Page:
in the app, is organized by merchant and aisle to provide maximum order fulfillment efficiency.
Inventory is tracked for all of Instacart-affiliated merchants. As a personal shopper skims an aisle,
bedecked in a bright green T-shirt flaunting the Insta-cart logo, items can be selected for different
orders placed at different times. The software can also plan delivery routes and predict future
customer orders.
iPhone users can connect to the Instacart app from Yummly, the largest recipe search engine in the
world, and have the ingredients delivered in time for dinner. Visitors to Food Network websites, with
more than half a million recipes, can browse recipes online and then click a button to add ingredients
they need to their Instacart shopping cart. The Instacart app is integrated with Google Now cards so
that Android users can place orders for either delivery or pickup using a token generated within the
app.
Instacart’s core competencies thus dictate its target market: the price-insensitive, convenience shopper. At first, item prices were marked up (20 percent in one sampling) and a $3.99 delivery fee charged.
An Amazon Prime–like service called Instacart Express requires a certain volume of business and a $99
yearly fee in exchange for free delivery. One of Webvan’s big mistakes was pursuing a mass-market
strategy. It was never going to be able to turn a profit by providing quality and selection at rock-bottom
prices—with free delivery to boot. Instacart is instead catering to shoppers who are willing to pay a
premium to have both quality and selection.
By mid-2015 Instacart had 200 employees and 4,000 personal shoppers in New York, Los Angeles, San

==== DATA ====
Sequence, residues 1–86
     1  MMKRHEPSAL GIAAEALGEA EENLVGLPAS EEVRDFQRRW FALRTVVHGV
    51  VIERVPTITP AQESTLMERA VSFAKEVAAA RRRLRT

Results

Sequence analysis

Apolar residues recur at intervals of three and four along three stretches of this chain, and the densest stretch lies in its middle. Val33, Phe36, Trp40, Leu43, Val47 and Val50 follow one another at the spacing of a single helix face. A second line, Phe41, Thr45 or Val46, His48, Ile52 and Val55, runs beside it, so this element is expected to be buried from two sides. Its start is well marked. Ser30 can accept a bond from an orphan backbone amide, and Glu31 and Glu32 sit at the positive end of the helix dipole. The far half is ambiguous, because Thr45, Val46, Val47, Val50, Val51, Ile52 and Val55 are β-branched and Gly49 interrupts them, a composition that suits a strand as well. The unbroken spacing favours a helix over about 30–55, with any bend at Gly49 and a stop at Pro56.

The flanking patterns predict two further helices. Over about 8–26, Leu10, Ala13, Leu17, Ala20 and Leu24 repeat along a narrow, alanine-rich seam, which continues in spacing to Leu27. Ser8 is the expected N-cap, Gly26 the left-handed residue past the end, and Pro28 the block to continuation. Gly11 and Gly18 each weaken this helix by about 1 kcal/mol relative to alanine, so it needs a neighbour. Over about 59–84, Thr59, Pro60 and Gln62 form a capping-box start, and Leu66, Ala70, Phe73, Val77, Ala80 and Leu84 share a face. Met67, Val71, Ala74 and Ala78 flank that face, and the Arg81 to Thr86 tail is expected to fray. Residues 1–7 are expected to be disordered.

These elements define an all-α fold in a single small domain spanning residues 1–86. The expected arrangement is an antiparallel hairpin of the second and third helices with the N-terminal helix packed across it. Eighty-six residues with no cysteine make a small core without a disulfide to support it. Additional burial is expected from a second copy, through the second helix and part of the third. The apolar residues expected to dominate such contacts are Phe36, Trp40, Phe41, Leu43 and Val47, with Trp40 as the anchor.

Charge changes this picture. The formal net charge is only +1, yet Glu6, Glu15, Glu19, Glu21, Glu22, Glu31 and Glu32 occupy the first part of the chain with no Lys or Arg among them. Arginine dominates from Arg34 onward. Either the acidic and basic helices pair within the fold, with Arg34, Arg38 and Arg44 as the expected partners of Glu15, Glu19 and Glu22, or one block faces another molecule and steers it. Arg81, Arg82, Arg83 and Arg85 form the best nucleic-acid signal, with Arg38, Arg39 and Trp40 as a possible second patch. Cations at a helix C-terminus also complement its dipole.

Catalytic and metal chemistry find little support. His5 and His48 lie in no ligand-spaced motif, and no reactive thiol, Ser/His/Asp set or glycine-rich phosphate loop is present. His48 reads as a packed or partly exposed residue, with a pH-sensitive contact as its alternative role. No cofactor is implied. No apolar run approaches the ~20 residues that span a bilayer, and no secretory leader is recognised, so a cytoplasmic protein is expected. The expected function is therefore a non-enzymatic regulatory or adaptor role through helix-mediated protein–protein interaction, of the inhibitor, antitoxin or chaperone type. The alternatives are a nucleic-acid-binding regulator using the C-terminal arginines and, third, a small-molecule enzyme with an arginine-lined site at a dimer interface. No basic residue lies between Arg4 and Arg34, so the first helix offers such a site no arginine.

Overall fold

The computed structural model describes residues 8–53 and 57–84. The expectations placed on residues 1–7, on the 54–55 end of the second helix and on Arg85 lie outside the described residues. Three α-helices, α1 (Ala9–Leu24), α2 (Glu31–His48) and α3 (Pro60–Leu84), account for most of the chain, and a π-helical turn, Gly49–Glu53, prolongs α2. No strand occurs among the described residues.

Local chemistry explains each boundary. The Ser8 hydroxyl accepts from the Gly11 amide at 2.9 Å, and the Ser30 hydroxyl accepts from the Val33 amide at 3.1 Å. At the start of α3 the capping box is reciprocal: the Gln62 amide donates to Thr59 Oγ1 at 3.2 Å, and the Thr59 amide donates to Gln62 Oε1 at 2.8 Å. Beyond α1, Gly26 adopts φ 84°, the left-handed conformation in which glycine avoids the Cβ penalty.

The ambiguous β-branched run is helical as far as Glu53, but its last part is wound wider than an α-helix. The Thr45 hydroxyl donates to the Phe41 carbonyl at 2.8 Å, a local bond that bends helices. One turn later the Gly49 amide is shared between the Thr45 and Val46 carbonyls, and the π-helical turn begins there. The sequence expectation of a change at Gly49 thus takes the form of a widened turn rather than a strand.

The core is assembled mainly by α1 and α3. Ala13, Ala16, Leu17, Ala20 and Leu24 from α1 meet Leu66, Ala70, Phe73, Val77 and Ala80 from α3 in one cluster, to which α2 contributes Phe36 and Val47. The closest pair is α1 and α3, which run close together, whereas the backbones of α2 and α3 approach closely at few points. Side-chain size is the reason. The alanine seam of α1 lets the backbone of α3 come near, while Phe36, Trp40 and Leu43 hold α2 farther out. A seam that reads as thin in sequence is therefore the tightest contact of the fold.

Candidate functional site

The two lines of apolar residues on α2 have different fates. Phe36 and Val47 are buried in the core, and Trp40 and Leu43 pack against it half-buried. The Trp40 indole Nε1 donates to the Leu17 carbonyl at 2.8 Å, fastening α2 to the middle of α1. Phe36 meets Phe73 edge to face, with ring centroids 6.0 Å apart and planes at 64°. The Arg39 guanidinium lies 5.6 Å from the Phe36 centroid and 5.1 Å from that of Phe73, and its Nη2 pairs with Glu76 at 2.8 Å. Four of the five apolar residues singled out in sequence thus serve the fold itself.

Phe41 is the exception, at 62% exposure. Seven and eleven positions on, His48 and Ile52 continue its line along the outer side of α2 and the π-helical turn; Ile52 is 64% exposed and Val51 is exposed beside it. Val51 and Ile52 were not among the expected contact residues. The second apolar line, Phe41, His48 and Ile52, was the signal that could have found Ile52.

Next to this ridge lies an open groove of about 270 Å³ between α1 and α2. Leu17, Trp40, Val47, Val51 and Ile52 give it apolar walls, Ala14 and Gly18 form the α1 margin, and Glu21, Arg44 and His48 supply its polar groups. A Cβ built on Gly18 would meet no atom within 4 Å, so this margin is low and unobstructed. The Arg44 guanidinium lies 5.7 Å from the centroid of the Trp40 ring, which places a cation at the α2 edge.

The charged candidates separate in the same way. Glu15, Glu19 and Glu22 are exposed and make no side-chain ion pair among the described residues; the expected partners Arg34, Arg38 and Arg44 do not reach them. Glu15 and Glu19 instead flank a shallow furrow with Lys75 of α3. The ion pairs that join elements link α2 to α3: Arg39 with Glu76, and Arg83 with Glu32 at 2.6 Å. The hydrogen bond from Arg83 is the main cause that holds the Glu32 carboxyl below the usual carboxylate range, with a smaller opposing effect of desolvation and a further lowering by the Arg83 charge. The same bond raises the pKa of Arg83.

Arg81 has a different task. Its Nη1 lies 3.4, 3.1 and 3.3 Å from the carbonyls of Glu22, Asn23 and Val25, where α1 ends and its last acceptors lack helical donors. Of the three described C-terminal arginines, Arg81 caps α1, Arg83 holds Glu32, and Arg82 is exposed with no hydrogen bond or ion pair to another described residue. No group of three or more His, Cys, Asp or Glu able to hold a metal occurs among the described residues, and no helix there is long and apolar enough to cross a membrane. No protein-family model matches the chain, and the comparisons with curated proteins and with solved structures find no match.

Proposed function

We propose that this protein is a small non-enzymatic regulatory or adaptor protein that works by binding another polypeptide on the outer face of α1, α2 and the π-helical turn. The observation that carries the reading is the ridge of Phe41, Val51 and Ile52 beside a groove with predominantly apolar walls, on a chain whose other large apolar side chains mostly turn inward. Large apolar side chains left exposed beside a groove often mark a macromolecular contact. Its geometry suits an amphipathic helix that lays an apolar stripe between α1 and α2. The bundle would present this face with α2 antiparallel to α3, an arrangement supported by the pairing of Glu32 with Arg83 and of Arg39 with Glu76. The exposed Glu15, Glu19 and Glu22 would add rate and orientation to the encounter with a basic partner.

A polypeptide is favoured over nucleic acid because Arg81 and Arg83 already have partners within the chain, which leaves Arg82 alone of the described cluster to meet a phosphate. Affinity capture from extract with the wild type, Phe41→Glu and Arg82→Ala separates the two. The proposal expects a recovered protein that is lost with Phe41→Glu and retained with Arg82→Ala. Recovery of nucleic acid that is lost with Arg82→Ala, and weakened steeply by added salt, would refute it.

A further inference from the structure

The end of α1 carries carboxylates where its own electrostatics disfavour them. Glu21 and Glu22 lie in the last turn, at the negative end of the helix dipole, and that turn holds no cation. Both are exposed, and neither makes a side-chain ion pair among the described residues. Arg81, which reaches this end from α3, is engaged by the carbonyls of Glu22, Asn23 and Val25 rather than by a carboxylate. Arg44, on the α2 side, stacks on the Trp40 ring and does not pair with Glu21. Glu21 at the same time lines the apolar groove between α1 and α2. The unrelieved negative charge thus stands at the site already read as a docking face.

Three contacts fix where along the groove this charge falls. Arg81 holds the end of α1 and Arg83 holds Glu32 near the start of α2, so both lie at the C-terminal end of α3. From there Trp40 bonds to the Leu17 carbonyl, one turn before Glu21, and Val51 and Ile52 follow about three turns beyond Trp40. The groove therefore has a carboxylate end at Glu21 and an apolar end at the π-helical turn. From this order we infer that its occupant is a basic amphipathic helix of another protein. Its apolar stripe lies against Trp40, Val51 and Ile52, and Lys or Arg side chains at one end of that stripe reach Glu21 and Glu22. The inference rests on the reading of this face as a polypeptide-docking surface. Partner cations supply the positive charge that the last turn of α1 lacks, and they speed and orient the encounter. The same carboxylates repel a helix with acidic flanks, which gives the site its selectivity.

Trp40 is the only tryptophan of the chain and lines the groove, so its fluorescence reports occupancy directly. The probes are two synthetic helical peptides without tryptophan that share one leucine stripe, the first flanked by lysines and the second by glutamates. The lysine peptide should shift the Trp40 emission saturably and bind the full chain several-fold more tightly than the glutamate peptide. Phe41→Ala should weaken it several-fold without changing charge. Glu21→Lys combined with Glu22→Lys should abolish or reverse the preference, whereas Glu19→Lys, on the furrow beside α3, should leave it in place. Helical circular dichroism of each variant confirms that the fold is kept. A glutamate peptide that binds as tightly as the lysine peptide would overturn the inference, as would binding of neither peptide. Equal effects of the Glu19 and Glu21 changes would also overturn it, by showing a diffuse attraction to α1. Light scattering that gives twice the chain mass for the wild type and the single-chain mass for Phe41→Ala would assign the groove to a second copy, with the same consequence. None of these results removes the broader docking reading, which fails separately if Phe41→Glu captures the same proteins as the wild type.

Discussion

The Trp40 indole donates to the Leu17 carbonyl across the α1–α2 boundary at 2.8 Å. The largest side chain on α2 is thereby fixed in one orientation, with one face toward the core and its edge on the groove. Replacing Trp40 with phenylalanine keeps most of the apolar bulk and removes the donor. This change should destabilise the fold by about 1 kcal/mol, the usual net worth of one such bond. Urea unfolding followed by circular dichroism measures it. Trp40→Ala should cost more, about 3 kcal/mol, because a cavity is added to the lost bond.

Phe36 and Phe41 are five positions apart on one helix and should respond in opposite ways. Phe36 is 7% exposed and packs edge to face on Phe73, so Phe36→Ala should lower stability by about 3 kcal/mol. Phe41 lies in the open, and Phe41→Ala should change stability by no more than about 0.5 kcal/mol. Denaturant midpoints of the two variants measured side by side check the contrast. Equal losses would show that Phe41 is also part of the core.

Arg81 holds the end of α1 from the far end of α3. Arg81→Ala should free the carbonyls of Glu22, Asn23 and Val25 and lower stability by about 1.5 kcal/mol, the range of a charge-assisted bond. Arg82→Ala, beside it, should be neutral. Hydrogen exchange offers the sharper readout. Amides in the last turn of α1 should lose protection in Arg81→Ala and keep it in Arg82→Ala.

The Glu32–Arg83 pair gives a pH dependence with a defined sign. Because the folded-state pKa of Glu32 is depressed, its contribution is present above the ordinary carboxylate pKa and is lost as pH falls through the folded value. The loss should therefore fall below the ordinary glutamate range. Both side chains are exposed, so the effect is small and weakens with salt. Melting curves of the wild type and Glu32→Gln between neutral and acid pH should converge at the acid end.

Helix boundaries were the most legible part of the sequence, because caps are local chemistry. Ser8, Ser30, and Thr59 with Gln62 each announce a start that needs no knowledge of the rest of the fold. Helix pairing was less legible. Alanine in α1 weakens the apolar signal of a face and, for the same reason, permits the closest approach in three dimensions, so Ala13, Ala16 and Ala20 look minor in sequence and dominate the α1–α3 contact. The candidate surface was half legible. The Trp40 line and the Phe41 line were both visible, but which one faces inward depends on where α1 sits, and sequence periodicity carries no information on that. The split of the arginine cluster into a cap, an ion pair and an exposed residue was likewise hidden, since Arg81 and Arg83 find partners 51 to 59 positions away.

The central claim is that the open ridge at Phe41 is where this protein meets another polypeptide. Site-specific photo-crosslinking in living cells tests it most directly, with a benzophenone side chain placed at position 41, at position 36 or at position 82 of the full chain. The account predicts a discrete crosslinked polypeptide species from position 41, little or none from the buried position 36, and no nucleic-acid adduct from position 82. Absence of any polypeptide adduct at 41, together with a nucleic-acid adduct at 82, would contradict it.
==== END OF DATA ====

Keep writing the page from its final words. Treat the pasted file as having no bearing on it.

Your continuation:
Francisco, San Jose, Washington, DC, Chicago, Boston, Austin, Seattle, Philadelphia, Atlanta, Boul-der,
Denver, Houston, and Portland, Oregon. It continues to grow. Grocery purveyors, from large chains
such as Costco, BJ’s Wholesale Club, Safeway, Kroger, Super Fresh, Trader Joe’s, and Whole Foods to
local specialty shops such as Erewhon Organic Grocer & Café in LA, Marczyk Fine Foods in Denver, and
Green Zebra in Portland are now welcoming Insta-cart as a way to expand their customer bases ahead
of the full national rollout of Amazon subsidiary Amazon Fresh.
Page | 4
Asia Pacific International College Pty Ltd. Trading as Asia Pacific International College
55 Regent Street, Chippendale, Sydney 2008: 02-9318 8111
PRV12007; CRICOS 03048D
Approved: 13/02/2019, Version 1
While many analysts predict that matching the bargain basement prices of Amazon and Walmart is
unavoidable, Instacart is instead modifying its business model. Partnerships with Petco and Tomlinson’s Pet Supplies in Austin, Texas, hint of additional product areas on the horizon, while Mehta
speculates that expansion into general logistics is conceivable.